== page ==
Mr. Adetunji Oyebanji, MD, 11Plc
Nigeria’s downstream sector has been enmeshed with controversy over regulation and subsidy by the government. Many operators are of the view that the only way out to resolve the issue is to completely deregulate and remove subsidy because it does more harm than good for the country.
Speaking recently at the sideline of the Nigerian International Petroleum Summit (NIPS), the Managing Director of 11Plc with over 30 years of experience in the sector, Mr. Adetunji Oyebanji spoke with OGODO DOUGLAS FELIX, Editor of Energy Focus Report Magazine that there is need for investment in order to achieve adequate margins.
On proliferation of lubricants in the industry, government should put a control and regulate manufacturers so that low quality products will not be sold to the public.
He advocated that government should support the private sector for the industry to grow and expand. While the Nigerian National Petroleum Corporation (NNPC) has to be run and managed like a private sector.
Oyebanji avouched that subsidy hinders the country from providing social amenities to its growing population and this will not augur well for its economy hence it should be removed and the downstream deregulated.
We have seen some demonstration about the Dangote refinery at NIPS and hope was also given that in the downstream sector there will be improvement compared to what it has been before what’s your take about this?
Well, there will be improvement because more products will be available and that is how it supposed to work. Just as I have said during one of the sessions that there is also need for a lot of investment in the whole value chain such as pipeline distribution. The trucks that move products require investment because if you have a big tank but small pipeline, it will become difficult to move what you produce in the tank.
Is 11Plc doing anything pertaining to refinery and improving distribution of petroleum products?
The refinery that we have if all of them come onstream they will meet our immediate requirement. So, refining in the near future should not be a problem. The problem will be distribution and how people can make decent returns from their investment so that more investment could go into all aspects of the downstream.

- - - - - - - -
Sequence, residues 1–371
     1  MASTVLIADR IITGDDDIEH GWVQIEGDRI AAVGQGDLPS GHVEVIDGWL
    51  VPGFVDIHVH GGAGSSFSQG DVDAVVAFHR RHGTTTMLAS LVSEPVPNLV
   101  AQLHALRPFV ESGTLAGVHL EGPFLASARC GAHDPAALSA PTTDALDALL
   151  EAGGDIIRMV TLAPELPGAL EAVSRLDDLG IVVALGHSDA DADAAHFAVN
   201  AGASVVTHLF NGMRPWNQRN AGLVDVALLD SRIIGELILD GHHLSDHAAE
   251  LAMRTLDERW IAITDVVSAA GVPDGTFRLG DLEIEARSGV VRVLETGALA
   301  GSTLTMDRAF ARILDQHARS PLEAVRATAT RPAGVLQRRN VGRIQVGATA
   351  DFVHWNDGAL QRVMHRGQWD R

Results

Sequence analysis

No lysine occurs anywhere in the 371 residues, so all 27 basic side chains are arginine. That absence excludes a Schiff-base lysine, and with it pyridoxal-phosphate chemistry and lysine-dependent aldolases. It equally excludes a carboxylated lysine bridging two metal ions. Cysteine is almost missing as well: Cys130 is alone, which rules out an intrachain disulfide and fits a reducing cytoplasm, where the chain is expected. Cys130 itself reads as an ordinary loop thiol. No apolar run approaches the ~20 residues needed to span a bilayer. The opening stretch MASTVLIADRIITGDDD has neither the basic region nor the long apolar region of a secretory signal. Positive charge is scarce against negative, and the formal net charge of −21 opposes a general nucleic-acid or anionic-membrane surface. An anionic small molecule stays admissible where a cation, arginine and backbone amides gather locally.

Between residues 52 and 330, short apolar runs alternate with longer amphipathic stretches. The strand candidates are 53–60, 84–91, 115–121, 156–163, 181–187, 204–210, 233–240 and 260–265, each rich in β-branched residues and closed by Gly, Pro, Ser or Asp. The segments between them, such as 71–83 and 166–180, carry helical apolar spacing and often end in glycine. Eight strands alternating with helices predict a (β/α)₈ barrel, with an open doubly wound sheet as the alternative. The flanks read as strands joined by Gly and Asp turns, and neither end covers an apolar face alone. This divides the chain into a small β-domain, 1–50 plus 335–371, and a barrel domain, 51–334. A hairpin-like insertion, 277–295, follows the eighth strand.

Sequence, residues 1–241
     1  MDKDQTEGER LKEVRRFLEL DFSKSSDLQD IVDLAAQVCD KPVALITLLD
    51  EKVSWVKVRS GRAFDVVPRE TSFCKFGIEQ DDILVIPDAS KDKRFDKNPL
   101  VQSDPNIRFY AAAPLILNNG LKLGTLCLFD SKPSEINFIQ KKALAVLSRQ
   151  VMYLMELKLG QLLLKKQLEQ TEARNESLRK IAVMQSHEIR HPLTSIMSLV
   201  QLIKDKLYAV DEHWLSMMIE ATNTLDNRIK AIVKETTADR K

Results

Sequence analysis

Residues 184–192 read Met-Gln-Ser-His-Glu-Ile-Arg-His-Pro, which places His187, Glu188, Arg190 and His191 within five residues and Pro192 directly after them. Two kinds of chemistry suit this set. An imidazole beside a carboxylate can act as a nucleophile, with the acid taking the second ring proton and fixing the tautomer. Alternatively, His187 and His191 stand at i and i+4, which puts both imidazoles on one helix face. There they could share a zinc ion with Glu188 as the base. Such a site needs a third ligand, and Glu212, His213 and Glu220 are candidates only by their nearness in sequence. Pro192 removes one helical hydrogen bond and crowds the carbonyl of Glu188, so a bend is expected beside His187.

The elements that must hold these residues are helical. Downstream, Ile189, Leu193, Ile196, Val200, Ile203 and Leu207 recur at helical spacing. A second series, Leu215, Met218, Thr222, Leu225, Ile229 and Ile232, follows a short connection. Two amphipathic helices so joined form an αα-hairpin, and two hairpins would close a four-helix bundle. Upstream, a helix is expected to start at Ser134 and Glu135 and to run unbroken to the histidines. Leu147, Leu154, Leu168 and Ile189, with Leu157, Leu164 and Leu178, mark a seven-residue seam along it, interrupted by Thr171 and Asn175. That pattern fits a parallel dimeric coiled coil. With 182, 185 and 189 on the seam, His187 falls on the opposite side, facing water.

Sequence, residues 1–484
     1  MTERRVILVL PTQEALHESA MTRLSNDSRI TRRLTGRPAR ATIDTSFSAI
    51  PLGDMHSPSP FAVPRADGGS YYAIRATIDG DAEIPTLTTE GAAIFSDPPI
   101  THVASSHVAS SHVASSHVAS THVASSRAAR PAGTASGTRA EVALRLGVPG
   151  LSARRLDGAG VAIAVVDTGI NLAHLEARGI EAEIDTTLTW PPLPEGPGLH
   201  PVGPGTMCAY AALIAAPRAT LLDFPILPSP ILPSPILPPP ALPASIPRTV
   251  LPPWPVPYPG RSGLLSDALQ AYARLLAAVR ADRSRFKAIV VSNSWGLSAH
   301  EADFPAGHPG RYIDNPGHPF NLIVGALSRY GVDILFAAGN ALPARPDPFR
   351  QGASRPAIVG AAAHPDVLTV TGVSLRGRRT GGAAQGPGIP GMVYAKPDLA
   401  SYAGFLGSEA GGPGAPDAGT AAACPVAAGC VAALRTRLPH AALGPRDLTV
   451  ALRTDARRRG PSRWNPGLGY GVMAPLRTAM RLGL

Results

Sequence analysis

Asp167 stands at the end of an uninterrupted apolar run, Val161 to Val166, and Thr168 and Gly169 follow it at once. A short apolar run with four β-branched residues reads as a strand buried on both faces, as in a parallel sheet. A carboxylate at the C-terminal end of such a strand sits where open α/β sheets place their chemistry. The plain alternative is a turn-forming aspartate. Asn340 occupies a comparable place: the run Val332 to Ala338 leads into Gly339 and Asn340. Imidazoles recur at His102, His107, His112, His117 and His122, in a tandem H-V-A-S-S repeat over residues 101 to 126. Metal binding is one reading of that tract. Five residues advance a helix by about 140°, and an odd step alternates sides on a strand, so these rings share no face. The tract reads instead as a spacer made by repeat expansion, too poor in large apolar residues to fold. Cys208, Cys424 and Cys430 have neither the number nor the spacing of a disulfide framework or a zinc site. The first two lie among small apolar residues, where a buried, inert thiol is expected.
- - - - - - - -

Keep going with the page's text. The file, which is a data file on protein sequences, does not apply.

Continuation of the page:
On the issue of challenges, do you see those challenges being addressed now compared to how they were before?
Generally, you saw the Managing Director of Total talked about safety and so much investments are needed to ensure that products are sold safely. Enormous investment is needed to ensure that product is sold, transported and stored safely. If you don’t have adequate margin those investment will not be made at a level that is required. There is a lot that still needs to be done without adequate margins it cannot be achieved.
Proliferation of lubricants in the downstream, what do you think should be done?
It has to do with adulteration without control because anyone can manufacture lubricant and what we need is for the government to ensure that only people who are serious investors in that area are allowed to produce. This will prevent bad quality products to be sold to the public.
What is your advice for the downstream sector of the country to improve?
My advice is that the country should deregulate the sector while government focuses on what the Department of Petroleum Resources (DPR) is doing on standard, regulation and safety. They should support the private sector to grow, develop and invest so that the industry can expand. There are signals showing that the NNPC seems to be the vehicle that government wants to use to carry out its activities, if it wants NNPC, then it should be allowed to be run and managed on purely commercial basis not as a cross between a social welfare institution and a commercial enterprise. A choice has to be made on which way it should be.
On the aspect of fuel subsidy which has been in existence in the country’s downstream through successive governments. What is the way forward?
I have emphasized on it before that our population is growing which means demand for fuel will grow as well. If you are subsidising the amount of your resources, you will be spending to subsidise more. Do you want hospitals, education, roads or you want cheap fuel? You have to decide because if your population becomes 400 million all the money you have been using to subsidise the fuel is the money that could have been used for social infrastructures.